Duncan Garner: The burning question: Is Civil Defence a disaster in the making?
OPINION: This might be a first: I write in defence of an angry and frustrated Civil Defence Minister Gerry Brownlee.
He was absolutely right to tear Civil Defence a new backside after their woeful handling of the Christchurch fires.
After decades of experience in this area – and fresh from the quake experiences in the city – how on earth did this organisation so royally stuff this up?
They were quick to call a state of emergency for the fires in Hawke's Bay but the phone was off the hook in Christchurch.
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Not only were they too slow to declare a state of emergency, which gives authorities more powers and resources, but when they did act they couldn't have got it more wrong.
Unbelievably, information that 30 to 40 houses had been destroyed was released publicly and quoted extensively, including by Christchurch Mayor Lianne Dalziel.
They even put out a statement to the media which everyone pressed 'go' on. Why wouldn't we? We trust Civil Defence … don't we?
But then an hour later came the embarrassing and inconvenient truth. Just seven houses had been lost at that point.
The blunders didn't stop there; on Thursday night Civil Defence said 3000 homes had been evacuated, then corrected the figure back to 1000.
Never splash egg on the face of a publicly-elected official. Never. That's rule number one. Make them look in control.
Truth is, who was in control? Anyone? No-one very smart is the answer.
The fire service does a great and valiant job and this is not an attack on them.
This is a flick at the clip-board-carrying bureaucrats who make the big calls. They look flakey this week.
My sources in emergency management in Christchurch tell me the chiefs in the Fire Service, and in particular the rural service, are to blame for all this, but that'll all come out in Brownlee's big wash-up.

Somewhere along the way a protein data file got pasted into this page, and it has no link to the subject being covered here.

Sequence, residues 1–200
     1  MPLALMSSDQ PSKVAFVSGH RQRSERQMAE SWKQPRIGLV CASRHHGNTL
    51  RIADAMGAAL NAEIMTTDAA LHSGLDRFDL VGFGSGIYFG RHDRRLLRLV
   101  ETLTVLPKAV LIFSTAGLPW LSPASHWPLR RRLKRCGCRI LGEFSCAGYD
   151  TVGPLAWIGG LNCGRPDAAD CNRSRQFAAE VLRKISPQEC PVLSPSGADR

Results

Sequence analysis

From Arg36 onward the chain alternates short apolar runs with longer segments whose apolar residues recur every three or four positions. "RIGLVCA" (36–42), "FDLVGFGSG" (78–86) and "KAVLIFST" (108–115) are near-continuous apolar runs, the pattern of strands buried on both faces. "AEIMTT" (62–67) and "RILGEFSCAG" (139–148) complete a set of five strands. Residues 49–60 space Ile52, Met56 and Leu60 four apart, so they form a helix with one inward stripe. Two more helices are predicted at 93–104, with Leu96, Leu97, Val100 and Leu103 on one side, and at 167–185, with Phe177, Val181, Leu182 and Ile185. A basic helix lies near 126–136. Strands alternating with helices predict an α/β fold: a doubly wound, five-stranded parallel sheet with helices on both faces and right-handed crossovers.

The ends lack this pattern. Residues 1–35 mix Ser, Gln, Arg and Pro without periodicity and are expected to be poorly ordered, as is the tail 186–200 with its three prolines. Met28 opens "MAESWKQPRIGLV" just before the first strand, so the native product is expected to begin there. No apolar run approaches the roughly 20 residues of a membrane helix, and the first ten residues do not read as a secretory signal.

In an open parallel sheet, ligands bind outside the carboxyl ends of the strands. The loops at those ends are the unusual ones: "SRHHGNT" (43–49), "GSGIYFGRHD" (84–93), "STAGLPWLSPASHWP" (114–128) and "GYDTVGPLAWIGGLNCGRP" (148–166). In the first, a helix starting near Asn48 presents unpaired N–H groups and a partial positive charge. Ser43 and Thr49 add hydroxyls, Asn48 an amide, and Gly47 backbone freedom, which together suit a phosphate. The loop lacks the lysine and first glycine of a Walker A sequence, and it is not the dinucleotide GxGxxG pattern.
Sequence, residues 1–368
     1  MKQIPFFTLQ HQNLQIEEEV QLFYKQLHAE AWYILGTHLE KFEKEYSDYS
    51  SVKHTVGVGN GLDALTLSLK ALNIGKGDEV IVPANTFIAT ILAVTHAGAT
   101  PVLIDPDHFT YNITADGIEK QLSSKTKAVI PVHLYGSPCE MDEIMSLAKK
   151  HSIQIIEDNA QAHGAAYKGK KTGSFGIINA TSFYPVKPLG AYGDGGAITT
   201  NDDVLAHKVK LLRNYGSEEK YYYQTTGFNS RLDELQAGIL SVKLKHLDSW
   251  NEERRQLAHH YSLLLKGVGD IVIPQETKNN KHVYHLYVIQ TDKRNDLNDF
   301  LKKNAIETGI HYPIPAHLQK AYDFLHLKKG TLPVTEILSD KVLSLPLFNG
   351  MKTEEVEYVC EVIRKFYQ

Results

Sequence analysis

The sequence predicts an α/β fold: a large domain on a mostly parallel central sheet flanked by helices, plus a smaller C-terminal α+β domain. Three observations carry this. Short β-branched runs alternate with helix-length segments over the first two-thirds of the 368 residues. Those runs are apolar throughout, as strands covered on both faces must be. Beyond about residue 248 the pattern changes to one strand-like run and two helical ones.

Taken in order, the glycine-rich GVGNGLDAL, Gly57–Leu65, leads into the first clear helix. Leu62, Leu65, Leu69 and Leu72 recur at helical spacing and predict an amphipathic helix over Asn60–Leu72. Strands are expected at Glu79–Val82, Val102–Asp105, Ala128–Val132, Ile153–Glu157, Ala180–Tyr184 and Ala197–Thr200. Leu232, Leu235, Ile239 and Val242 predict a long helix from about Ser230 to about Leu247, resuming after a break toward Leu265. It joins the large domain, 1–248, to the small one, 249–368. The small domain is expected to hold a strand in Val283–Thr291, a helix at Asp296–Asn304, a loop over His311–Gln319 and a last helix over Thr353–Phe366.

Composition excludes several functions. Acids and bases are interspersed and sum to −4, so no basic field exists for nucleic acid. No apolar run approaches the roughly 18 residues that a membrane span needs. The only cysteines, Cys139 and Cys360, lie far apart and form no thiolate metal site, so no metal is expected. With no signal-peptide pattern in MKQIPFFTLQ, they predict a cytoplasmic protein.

My sources also tell me the vicious finger-pointing has started behind the scenes. The 'please explains' are well under way.
Brownlee will want his pound of flesh, and these days, the short-tempered minister lacks his old sense of humour.
This performance is embarrassing for him. He's a local MP and the minister in charge. Whoops.
Even Brownlee, who is no fan of the media, admitted he was relying on the press for reliable information and not his own people. That would have made him even grumpier.
The public these days is quick to turn to social media for advice and updates but even then the official Civil Defence Twitter account had sent out a pathetic two tweets in 17 hours.
That's poor. Not good enough. Other public Twitter accounts have been better since the state of emergency.
But maybe this is the catalyst for change. It's not as if Civil Defence has an unblemished record.
The agency came under severe criticism immediately after the Kaikoura earthquake – issuing no tsunami warning, but then doing so 55 minutes later.
A two-metre-high tsunami had already hit the Kaikoura coast by then.
Imagine if there had been loss of life. Would they have blood on their hands? Would we be blaming them?
This actually is life and death stuff. And it's crucial we get it right.
I think Brownlee should have a proper and decent review of this organisation. Pull back the curtains and let's have a good look inside.
If it means Civil Defence needs to be better resourced, let's do it. If it means time-serving officials are no longer fit for purpose, move them on.
We do not live in a benign environment. We all need to have confidence. If, as a country, we've cut corners and haven't invested in the right emergency gear and people, then let's be up front about that.
But the worst thing here is the people of Christchurch deserved much better. They've suffered enough. They had every right to think emergency agencies had their back. They didn't.
They were let down. Now they rightly deserve some full and frank answers.
It's time for some honesty.
- The Dominion Post